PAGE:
3. – The New York Times Blender Drinks are Back “We loved blender drinks in the ’50s, when the piña colada sailed north from San Juan and captured the mainland United States. It was taken up by the tiki bars and restaurants that spread across the country after World War II, inspired by the success of Trader Vic’s in Emeryville, Calif., and Don the Beachcomber in Hollywood. Modern bartenders might embrace the blender if they had been around in those pioneer days.”
2. – The LA TImes Simplicity’s the Secret for Perfect Grilling “In exchange for that simplicity and cooking quality, there are a couple of things you have to think about when cooking with a live fire. The first, of course, is the fire itself. The tendency is to fill the grill with as many coals as will fit. This works well if you’re starting a blacksmith shop, but cooking requires a more deft touch.”
1. – The San Francisco Chronicle The Din of Dining “The clang of dishes, the clink of glasses, the roar of voices and the pulsating music seemed to grow louder as I perused the menu. By the time the server came to our table, I felt the sudden urge to order a side of noise with my fried chicken. But the cacophony would have drowned out my sarcasm. Instead, I pointed to the entree I wanted on my menu.”
5. – Baltimore Sun Nature’s Refresher Delivers an Icy Burst of Flavor “”Mint is the easiest thing in the world to grow,” says Miriam Avins, a Baltimore home gardener who acknowledges she’s not exactly a plant whisperer. “It just survives. You kill it in the summer with lack of water and in the fall it comes right back.””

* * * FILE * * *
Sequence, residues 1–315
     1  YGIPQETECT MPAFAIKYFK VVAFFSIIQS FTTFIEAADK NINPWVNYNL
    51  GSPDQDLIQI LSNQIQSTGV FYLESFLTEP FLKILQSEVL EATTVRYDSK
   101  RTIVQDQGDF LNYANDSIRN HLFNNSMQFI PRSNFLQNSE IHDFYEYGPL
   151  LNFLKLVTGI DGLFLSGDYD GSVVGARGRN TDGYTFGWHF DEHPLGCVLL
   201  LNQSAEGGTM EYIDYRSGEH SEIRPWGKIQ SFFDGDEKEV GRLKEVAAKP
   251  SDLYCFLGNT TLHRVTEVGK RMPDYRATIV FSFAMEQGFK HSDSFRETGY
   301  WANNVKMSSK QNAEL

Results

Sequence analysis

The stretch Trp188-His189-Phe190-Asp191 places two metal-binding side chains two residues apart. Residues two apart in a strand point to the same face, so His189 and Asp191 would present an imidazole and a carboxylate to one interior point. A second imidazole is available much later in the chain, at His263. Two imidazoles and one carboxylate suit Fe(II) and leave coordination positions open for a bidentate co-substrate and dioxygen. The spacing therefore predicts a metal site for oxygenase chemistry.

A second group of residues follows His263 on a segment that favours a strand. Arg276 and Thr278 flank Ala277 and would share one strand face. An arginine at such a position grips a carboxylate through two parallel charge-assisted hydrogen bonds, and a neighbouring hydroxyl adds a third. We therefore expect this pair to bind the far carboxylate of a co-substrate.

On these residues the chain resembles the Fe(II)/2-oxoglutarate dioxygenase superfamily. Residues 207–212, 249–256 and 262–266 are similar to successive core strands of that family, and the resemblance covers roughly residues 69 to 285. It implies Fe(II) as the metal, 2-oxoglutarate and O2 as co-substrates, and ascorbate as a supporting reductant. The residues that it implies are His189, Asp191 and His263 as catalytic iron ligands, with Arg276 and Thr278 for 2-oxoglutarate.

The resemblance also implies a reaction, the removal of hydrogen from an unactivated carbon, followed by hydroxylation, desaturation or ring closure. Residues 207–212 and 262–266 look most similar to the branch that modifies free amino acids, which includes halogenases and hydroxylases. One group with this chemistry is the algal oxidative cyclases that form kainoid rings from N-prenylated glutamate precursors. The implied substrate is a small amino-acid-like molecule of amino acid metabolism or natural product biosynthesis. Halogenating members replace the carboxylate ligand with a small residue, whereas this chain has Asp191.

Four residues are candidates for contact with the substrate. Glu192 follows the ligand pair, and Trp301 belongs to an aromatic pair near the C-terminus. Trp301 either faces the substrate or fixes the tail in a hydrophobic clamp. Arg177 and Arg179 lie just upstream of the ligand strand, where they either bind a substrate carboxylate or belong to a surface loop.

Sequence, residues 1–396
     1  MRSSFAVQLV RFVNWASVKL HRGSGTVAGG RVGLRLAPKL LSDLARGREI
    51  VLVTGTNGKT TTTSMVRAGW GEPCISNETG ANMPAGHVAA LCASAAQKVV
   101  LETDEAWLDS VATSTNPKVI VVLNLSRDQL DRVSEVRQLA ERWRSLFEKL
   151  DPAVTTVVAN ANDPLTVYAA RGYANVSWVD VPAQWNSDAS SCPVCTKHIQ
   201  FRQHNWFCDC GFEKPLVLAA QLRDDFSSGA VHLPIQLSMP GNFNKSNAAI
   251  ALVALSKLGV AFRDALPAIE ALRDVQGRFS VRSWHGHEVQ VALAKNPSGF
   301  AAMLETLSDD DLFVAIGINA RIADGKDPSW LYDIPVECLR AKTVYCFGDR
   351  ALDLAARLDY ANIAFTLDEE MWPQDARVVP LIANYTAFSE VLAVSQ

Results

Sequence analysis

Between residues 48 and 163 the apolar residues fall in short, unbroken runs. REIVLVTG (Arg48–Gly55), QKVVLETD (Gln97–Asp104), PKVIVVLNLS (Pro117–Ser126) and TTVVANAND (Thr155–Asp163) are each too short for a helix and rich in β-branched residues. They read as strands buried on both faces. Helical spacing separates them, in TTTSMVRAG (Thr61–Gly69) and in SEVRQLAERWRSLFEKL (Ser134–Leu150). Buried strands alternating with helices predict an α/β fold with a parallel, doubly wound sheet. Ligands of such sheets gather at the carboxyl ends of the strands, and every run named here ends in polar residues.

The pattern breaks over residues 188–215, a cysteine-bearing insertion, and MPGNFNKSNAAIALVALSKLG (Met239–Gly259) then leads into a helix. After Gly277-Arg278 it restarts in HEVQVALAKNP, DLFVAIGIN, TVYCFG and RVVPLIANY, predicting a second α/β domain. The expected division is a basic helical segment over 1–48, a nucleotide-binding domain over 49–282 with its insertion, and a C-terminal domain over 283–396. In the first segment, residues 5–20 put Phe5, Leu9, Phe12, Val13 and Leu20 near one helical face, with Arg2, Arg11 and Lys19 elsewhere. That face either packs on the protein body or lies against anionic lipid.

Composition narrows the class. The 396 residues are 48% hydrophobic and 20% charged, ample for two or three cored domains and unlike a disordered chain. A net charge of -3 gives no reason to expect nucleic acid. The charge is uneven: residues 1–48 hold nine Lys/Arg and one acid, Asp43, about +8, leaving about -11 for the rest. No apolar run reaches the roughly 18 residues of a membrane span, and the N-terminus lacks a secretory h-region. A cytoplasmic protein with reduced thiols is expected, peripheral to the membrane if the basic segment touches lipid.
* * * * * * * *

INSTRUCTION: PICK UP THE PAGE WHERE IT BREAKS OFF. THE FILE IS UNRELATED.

4. – Chicago Tribune Hot day, Haute Dog!‘“Classic Chicago-style hot dogs are legendary, with their all-beef snappiness, poppy seed buns, neon-green relish and racy little sport peppers. It’s the summertime nosh of choice for many, residents and visitors alike. But there are times a classic needs updating…”
3. – Denver Post Showdown- Or How I learned to Grill the Perfect Steak “If you’re lucky, you’ve had that one perfect steak. It was probably cooked by someone else. It might have been at a backyard barbecue or a swanky steakhouse. But you remember the way it tasted the same way you remember your favorite scene in your favorite movie — vivid and a little wistful.”
2. – The Philadelphia Inquirer The Mayonnaise Season is Upon Us “My life is ruled by this question: What can I put mayonnaise on today? Of course mayo isn’t in the forefront of my thoughts every single minute, but it is my subconscious reason for approaching the refrigerator when most people open its door for, say, deli turkey, eggs, bacon, cheese for a quesadilla, salami, arugula, leftover meat loaf, or a pickle – all of which, in my world, go splendidly with a cold emulsification of egg yolks, oil and a little acid such as lemon juice – a.k.a. mayonnaise”
1. – NY Times Oyster Farmers Find a Boutique in the Bay “New York oyster eaters who want to look in their own backyard now have more choices than ever. In the waters around Long Island and stretching into the coves of a couple of neighboring states, dozens of boutique growers are finally getting a handle on the deceptively simple art of oyster farming.”